District courts have original jurisdiction in all felony criminal cases, divorce cases, cases involving title to land, election contest cases, civil matters in which the amount in controversy (the amount of money or damages involved) is $200 or more, and any matters in which jurisdiction is not placed in another trial court. While most district courts try both criminal and civil cases, in the more densely populated counties the courts may specialize in civil, criminal, juvenile, or family law matters."
Being that Collin County has 780,000+ citizens, our District Courts may be specific jurisdiction courts. In short, if a District Court in Collin County has 60% of its docket comprised of divorces (i.e. Family Law) it is because the Judge chooses so. Most of those cases will settle outside the courtroom and be sent to the Auxillary Courtroom where a visiting Judge will handle the matter.
Collin County has 9 District Courts. Only 7 of those courts hear adult criminal cases. 1 District Court only hears juvenile matters. 1 court hears only civil/family law cases.
There is an average inmate population of 1,000+ inmates in the Collin County Jail. Some inmates wait up to 2 years to have their case heard before a jury in a District Court. The cost to taxpayers to house those inmates is +20 million dollars annually.
I agree with the information regarding case backlog. Collin County needs more courts. Everyone belives they need more courts except the Commissioner's Court.
Last year 808 Juvi cases added (all go to Wheless), 3979 Criminal added (spread out btwn all judges except Willis), 5012 Civil cases added & 8173 Family cases added.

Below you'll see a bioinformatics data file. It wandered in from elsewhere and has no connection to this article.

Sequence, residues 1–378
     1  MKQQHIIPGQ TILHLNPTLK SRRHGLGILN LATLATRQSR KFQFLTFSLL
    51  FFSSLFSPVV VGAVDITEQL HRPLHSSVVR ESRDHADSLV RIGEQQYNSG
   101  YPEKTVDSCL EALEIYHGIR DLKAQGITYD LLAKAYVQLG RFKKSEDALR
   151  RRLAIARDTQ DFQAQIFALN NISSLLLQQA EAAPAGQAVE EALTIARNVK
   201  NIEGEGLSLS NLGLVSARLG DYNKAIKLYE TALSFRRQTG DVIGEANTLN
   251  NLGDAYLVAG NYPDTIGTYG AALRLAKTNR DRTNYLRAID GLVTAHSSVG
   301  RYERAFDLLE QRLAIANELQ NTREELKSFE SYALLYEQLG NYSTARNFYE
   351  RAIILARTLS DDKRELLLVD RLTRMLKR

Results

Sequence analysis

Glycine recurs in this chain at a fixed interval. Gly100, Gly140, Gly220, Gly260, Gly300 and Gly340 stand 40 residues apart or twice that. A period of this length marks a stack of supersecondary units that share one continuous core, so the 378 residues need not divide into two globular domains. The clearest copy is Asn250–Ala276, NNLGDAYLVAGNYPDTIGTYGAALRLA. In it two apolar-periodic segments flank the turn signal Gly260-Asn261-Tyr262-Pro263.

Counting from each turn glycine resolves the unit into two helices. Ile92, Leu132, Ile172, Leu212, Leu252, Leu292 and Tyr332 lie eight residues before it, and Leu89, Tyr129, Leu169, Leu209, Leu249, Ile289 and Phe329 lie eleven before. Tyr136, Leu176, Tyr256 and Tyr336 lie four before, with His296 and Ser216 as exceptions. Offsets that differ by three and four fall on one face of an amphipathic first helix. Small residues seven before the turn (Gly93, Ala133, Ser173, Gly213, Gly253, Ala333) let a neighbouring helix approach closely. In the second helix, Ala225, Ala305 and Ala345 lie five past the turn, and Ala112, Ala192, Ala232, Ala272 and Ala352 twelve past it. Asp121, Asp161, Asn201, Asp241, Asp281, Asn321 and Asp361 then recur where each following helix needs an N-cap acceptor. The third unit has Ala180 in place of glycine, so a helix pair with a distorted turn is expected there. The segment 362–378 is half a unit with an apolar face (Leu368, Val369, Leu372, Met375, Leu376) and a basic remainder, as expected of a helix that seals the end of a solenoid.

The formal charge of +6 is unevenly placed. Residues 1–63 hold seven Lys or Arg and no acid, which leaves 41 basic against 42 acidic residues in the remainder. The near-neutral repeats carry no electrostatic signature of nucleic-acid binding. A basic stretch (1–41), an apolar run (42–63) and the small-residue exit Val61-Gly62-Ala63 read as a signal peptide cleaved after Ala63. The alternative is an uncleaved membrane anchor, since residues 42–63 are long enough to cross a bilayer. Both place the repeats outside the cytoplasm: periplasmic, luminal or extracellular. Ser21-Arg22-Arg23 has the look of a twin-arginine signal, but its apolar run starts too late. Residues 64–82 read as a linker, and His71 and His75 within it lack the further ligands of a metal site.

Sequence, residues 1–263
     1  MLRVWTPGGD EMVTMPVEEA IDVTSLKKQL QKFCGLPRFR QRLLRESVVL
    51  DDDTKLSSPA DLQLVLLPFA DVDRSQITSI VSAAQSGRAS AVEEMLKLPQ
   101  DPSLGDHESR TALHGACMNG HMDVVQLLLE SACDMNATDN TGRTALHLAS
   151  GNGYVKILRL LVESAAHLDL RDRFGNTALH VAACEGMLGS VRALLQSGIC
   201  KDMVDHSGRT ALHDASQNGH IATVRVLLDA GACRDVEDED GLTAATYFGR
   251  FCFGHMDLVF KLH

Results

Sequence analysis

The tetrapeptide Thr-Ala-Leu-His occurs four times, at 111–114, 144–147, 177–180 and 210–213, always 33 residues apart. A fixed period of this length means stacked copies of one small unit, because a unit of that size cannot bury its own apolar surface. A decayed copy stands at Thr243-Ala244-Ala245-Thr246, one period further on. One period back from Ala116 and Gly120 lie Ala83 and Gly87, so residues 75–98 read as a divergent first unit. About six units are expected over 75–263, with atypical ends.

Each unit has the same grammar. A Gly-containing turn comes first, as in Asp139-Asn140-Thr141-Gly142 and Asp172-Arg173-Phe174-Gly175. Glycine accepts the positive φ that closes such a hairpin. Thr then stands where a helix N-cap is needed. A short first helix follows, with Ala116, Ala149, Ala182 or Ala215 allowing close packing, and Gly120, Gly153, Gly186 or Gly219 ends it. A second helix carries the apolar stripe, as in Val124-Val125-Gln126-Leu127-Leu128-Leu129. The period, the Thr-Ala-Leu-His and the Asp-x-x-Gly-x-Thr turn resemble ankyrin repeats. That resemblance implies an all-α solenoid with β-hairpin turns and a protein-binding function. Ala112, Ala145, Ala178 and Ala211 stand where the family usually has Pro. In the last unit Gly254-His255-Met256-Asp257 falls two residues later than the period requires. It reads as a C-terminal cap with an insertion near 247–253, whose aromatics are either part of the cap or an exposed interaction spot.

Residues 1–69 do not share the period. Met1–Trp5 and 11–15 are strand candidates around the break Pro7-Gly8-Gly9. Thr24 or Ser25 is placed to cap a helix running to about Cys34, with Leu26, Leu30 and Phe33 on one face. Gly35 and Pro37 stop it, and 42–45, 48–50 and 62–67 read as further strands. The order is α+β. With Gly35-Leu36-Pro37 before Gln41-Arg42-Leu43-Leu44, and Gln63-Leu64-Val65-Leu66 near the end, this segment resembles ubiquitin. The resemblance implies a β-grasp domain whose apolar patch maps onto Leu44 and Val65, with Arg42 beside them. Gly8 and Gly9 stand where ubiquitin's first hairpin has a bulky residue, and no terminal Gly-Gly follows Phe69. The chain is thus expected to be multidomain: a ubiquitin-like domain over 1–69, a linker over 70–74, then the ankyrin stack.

Look at who is really qualified for this bench and pay attention to the real issues (BTW, Green supporters should note that NO Probate cases are filed in the Dist. Cts. as all are filed in Probate Court).
Collin County Texas VOTERS! Interesting article and VERY interesting comments from other readers! Be informed before you vote; make your vote matter. BTW - No Probate Cases are heard in the District Courts. Aside from other IMPORTANT reasons NOT TO VOTE FOR TERRI GREEN, 100% of Green's "real experience" (sic) is in probate court, under, so to speak, Judge Weldon Copeland, making her qualifications "lite" at best. Do voters actually care that Green was involved in TEEN COURT? It's like including, on your resume, the jobs from high school, or a degree you might get, from a college where you took a few classes...not REAL qualifications. I suspect Green can garner the "sorority girl" vote from the truly uninspired.
she holds grudges if she doesn't get her way. Green lacks the experience to fill this position and will never bring the respect needed for the courtroom. Go Jody! You've got it all.